1. Gold is a scam also.  It’s just shiny metal, dude.  Until we get Federation credits (or quatloos), we are doomed to an inherently unstable, illegitimate monetary system.

      1. That’s not accurate. Gold has properties that Mickey Mouse credits don’t. It’s physicality, unlike keyboard strokes to top up the elite private concern called the Federal Reserve it does need to be mined to start its journey, it’s electrical conductive properties are far superior to the reptiles in Goldman Sachs. It’s ability to protect in space are highly appreciated, its malleability is unusual, its durability is extraordinary even for a metal and while you call it shiny, its far more pretty than a bunch of self serving lizards topping up their R Complexes. It will prove to be a good half way house while we build the future based on shared burden. The system is going to collapse. Tick tock tick tock.

    2.  The enormity of that scam was brought home to me when I heard the explanation that the Federal Reserve is about as “federal” as Federal Express.

      Just let that sink in.

  11. I’d love to hear a genuine, not satirical, justification for the House of Lords in a modern political system.

    In essence it’s a bunch of out-of-touch retirees that are as qualified to make decisions on behalf of their country as my dog, Barry.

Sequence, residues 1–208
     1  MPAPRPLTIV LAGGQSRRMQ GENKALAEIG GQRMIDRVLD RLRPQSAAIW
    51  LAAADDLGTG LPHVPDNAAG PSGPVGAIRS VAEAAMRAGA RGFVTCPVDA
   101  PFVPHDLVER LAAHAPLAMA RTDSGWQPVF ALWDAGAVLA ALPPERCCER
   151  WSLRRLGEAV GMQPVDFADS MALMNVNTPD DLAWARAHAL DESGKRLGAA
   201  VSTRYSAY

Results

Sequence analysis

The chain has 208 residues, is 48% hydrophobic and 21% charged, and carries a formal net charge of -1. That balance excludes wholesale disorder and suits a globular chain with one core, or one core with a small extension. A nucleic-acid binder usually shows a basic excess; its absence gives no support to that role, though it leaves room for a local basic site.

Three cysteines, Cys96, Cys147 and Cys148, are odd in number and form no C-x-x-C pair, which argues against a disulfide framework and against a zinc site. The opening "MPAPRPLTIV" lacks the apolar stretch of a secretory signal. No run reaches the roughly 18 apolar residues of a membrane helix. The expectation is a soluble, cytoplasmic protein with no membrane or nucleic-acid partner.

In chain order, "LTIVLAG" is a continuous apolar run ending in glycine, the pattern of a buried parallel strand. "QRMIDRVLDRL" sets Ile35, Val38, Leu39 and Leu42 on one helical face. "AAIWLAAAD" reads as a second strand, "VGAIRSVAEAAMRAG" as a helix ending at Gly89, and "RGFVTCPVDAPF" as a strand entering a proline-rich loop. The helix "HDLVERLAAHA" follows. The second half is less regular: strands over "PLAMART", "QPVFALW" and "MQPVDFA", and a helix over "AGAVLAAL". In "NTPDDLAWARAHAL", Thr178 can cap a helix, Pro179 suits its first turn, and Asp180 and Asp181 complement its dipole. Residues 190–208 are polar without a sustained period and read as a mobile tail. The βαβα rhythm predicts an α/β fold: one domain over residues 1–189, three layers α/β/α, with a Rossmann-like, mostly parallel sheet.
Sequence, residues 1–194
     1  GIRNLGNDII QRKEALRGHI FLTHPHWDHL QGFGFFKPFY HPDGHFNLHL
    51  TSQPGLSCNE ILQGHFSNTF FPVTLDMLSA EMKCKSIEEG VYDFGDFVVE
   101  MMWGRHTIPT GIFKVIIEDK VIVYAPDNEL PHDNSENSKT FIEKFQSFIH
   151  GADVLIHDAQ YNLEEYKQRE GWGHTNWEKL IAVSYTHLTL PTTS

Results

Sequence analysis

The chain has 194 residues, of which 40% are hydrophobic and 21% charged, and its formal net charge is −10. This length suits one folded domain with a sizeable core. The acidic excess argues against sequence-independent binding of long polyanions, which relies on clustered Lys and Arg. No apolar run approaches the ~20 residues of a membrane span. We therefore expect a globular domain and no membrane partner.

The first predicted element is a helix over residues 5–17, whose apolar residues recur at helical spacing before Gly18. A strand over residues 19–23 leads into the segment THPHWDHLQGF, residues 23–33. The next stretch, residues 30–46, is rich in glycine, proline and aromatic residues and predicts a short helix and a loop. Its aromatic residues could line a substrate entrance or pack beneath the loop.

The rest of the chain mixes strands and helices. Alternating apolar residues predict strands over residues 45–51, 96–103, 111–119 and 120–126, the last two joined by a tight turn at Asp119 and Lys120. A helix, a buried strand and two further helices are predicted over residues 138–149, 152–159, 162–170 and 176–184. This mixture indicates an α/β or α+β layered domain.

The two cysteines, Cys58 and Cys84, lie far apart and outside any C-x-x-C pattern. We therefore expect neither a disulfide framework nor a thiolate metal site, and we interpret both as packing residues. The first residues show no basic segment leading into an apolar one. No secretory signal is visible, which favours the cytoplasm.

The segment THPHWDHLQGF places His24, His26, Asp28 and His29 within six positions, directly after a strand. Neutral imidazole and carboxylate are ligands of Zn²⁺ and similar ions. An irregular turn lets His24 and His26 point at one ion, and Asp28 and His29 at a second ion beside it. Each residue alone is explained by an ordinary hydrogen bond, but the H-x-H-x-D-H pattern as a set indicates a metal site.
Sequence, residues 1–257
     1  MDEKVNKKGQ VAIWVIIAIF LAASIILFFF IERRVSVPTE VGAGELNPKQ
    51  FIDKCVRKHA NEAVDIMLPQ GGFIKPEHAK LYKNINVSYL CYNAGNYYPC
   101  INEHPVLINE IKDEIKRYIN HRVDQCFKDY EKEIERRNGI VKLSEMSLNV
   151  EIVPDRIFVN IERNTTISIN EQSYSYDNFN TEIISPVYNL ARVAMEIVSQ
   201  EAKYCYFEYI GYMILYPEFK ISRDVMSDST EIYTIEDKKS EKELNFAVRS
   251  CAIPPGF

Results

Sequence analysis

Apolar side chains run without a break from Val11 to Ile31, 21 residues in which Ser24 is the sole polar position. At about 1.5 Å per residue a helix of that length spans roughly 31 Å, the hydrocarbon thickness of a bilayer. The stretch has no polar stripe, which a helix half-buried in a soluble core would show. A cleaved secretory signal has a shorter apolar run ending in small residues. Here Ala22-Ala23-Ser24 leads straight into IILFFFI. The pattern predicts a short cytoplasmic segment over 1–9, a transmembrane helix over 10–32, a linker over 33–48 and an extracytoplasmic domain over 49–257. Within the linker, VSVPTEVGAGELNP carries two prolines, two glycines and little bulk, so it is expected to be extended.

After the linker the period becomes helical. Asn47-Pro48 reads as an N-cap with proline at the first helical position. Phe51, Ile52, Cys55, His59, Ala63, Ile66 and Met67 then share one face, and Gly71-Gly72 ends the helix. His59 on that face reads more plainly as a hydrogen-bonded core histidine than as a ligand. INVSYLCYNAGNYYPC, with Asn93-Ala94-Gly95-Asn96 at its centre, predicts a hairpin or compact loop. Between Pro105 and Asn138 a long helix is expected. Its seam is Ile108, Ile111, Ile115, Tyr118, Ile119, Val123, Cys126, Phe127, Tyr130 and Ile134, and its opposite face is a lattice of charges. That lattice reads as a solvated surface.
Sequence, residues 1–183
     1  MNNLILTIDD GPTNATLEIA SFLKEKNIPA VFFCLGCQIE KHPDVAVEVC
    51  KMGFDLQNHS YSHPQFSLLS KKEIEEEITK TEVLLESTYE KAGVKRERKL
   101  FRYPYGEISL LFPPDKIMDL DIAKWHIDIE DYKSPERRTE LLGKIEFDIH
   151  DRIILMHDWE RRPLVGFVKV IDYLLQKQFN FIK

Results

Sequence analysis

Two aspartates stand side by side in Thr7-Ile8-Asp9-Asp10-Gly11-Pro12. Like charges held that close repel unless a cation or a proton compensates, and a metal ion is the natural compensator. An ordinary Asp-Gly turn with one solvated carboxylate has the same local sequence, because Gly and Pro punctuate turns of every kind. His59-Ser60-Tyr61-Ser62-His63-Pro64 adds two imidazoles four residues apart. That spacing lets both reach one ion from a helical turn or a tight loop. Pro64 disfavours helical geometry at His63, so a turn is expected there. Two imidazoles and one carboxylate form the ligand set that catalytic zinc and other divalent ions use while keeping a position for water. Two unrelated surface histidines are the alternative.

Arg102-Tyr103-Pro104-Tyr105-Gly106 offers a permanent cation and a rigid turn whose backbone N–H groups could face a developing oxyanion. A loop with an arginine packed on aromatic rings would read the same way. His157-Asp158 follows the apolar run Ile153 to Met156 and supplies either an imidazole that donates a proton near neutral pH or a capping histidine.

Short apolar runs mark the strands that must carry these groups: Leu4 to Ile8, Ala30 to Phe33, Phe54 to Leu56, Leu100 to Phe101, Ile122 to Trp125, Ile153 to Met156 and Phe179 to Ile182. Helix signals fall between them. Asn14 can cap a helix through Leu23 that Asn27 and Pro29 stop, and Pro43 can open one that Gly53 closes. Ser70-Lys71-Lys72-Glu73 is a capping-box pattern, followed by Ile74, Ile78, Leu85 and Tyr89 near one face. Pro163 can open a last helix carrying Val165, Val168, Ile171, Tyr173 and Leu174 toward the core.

I know what they do, but what are they for?

  12. When Britain really ruled the waves–
    (In good Queen Bess’s time)
    The House of Peers made no pretence
    To intellectual eminence,
    Or scholarship sublime;
    Yet Britain won her proudest bays
    In good Queen Bess’s glorious days!

    When Wellington thrashed Bonaparte,
    (As every child can tell)
    The House of Peers, throughout the war,
    Did nothing in particular,
    And did it very well!
    Yet Britain set the world a-blaze
    In good King George’s glorious days!

    And while the House of Peers withholds
    Its legislative hand.
    And noble statesmen do not itch
    To interfere with matters which
    They do not understand.
    As bright will shine Great Britain’s rays,
    As in King George’s glorious days!

    – W.S. Gilbert, Iolanthe

  13. but has the Honourable His Lordship the Viscount St. Austell-in-the-Moor Biggleswade-Brixham weighed in on it yet?

  14. I guess if you can believe that you and your colleagues have a hereditary right to rule England, you can believe anything. 

    1. We don’t pretend to understand your government.  We’re too busy trying to restrain ourselves from saying ” You can’t expect to wield supreme executive power just because some watery tart
      threw a sword at you.”